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Rare if not unique footage of a St Kilda air mail drop has been unearthed by Uist Film’s FAODAIL l FOUND digitisation project.

Among the reels Taigh Chearsabhagh’s UistFilm hopes to convert to a more durable digital format is dramatic footage of a light aircraft dropping mail for the military outpost in what was undoubtedly a dangerous manoeuvre not only for the pilot but for those on the ground.

The footage is thought to date back to around 1968 and shows the light aircraft (G-AVDB) approaching Hirta at low altitude and dropping packages before banking steeply. The home movie footage shot from a vantage point on Hirta also shows a man in shorts and boots retrieving one of the mailbags and then jogging back to a Land Rover with the bag over his shoulder.

However, not all airdrops on Hirta were as successful. One squaddie, in the 1980s, suffered a broken arm after being struck by a frozen chicken when a supply airdrop went wrong.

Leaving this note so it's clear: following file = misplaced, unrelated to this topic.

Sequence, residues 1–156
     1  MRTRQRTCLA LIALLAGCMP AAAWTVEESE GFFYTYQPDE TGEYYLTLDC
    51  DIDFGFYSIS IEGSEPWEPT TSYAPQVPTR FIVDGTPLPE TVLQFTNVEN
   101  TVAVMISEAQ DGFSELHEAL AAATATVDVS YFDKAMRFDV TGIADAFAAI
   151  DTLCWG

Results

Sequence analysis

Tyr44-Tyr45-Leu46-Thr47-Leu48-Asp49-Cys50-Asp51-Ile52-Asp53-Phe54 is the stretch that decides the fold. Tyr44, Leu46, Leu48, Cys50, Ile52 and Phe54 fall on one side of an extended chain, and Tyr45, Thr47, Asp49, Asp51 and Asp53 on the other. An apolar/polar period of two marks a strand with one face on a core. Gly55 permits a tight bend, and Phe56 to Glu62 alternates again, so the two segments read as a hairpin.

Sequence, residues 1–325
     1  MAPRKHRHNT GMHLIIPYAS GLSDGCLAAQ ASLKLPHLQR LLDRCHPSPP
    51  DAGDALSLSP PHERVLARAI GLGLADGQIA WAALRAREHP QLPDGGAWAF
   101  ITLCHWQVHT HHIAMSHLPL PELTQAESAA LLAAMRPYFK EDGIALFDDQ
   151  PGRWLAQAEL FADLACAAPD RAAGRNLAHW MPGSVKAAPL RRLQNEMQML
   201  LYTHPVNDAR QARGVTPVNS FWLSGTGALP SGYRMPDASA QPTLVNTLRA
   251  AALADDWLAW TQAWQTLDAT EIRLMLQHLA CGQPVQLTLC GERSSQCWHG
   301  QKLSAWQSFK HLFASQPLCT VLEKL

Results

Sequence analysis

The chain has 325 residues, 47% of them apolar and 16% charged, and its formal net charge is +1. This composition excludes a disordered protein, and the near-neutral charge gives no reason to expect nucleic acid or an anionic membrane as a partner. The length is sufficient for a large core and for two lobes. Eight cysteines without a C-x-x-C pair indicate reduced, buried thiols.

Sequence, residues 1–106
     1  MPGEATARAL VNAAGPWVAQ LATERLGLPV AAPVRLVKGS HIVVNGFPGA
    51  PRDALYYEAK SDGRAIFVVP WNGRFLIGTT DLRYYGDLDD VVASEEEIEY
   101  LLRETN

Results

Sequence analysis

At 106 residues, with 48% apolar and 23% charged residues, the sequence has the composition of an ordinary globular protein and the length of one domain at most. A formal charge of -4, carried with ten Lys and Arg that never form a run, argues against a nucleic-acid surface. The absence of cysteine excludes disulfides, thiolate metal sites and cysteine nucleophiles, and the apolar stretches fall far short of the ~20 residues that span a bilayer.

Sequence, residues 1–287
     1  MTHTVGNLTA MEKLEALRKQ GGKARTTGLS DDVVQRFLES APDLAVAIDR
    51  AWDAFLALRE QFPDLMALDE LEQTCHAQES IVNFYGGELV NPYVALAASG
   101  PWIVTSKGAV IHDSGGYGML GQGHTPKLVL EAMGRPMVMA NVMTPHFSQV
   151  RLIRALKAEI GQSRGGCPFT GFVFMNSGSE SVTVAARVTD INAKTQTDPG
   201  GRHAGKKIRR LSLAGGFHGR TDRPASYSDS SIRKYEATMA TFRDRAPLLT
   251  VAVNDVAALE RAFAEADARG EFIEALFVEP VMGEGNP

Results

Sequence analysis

FAODAIL l FOUND digitisation project is also a recovery operation after UistFilm were given vintage 8 mm film of life in Uist.

Over 12,000 feet of reels totalling nine hours reveal a telling insight from back in the day.

A crowdfunding appeal to preserve the rare footage is now underway in a bid to raise £10,000 to transfer the precious footage into digital format.

So far, 68 donations have raised £3,550

The aircraft carrying out the airdrop is, according to a vintage aircraft website, a 1967-era Cessna 310L that was operated by Airwork Perth. 

It was capable of carrying five passengers plus the pilot. But as they aged, many were used as training aircraft.

The Cessna, now approaching 60 years old, is believed to still survive as part of a tie-up between Airwork and Perth College. It arrived in Perth in early 1967 and is thought to have been part of their regular work fleet up to about 1973.